Despite winning the Big Nine championship for the first time in 27 years last season, the Eastmont football team wasn’t favored by league coaches to repeat the accomplishment this fall.
But early on, it appears as though the Wildcats don’t care about that very much. They just worry about the things that they control. They’re embracing a team-first mentality this year, which they’re hoping will help to guide them through times of adversity.
They experienced some adversity Friday, losing a close game to Davis.
But Eastmont coach Doug McGill believes that he has a squad made up of quality people who know how carry themselves the right way, and they’re going to learn from this first loss.
“As far as stuff that we can improve on, there’s a ton of good stuff we can see and we can work on,” McGill told World reporter Jacob Palmer after the game. “Our kids are resilient. …The kids showed a lot of grit. That’s all I can take away after a first game that obviously stings.”
Ÿ Does Wenatchee’s season opening loss to Eisenhower on Friday mean that the Panthers aren’t the favorites to win the Big Nine title?
Not necessarily. After all, it’s just one game, and the Panthers have plenty of time to correct the mistakes that they made in a loss to what appears to be a good Eisenhower team.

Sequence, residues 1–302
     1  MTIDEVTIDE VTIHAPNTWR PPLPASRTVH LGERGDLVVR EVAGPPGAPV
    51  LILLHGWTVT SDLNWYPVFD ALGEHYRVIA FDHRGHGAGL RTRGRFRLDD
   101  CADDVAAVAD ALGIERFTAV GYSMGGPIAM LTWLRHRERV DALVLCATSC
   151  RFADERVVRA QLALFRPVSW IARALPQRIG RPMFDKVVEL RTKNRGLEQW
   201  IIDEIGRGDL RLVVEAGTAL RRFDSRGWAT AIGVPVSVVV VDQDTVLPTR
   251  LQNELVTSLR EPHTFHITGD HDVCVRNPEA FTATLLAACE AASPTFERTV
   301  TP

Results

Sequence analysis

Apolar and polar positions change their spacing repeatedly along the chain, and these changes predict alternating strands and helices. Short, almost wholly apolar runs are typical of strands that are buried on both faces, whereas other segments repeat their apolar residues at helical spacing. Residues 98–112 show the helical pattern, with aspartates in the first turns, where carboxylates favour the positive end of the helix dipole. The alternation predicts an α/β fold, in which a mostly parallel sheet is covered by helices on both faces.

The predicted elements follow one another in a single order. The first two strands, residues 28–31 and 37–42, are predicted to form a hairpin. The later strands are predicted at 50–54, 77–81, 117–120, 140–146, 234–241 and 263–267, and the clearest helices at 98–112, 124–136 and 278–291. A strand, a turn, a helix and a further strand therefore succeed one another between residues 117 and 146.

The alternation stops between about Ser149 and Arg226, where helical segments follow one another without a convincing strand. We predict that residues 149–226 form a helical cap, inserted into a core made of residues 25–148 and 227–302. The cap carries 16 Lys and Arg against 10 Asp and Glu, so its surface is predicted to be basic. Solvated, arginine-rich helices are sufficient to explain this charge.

And of course, Wenatchee will get a second chance at beating the Cadets later in the season.
But another big factor in the Panthers’ quest for a postseason berth (and the rest of the Big Nine teams’ quests, for that matter) is the fact that the league will send two teams to postseason play this season.
In 2012, the Big Nine qualified just one team for the 4A state tournament.
That means that every team’s odds of reaching the playoffs have doubled this season — last year, every team had a 20 percent chance (one in five), and this year they’ll have a 40-percent chance (two in five).
Wenatchee is still a talented team with a bright outlook for the season. One loss doesn’t change that fact. And this year, that one loss might not hurt the Panthers as much as last year, when every Big Nine game felt like a must-win for every team.
Ÿ Quincy might have lost its Friday rivalry contest to Ephrata, but the Jackrabbits received an incredible performance from new wide receiver Connor Trevino.
Trevino, who recently transferred to Quincy, was unstoppable Friday; he recorded 220 yards and two touchdowns on 11 catches.
“At his first practice, he picked up the offense right away,” Quincy coach Stephen Wallace said. “(Friday) looked like one of our practices. He’s a stud. He’s so athletic, and he’s got great body awareness.”
“That kid,” Ephrata coach Jay Mills said, “is going to be a monster. We had guys all over him, and he made a lot of great catches. He’s a great player, and he’s going to have a great season.”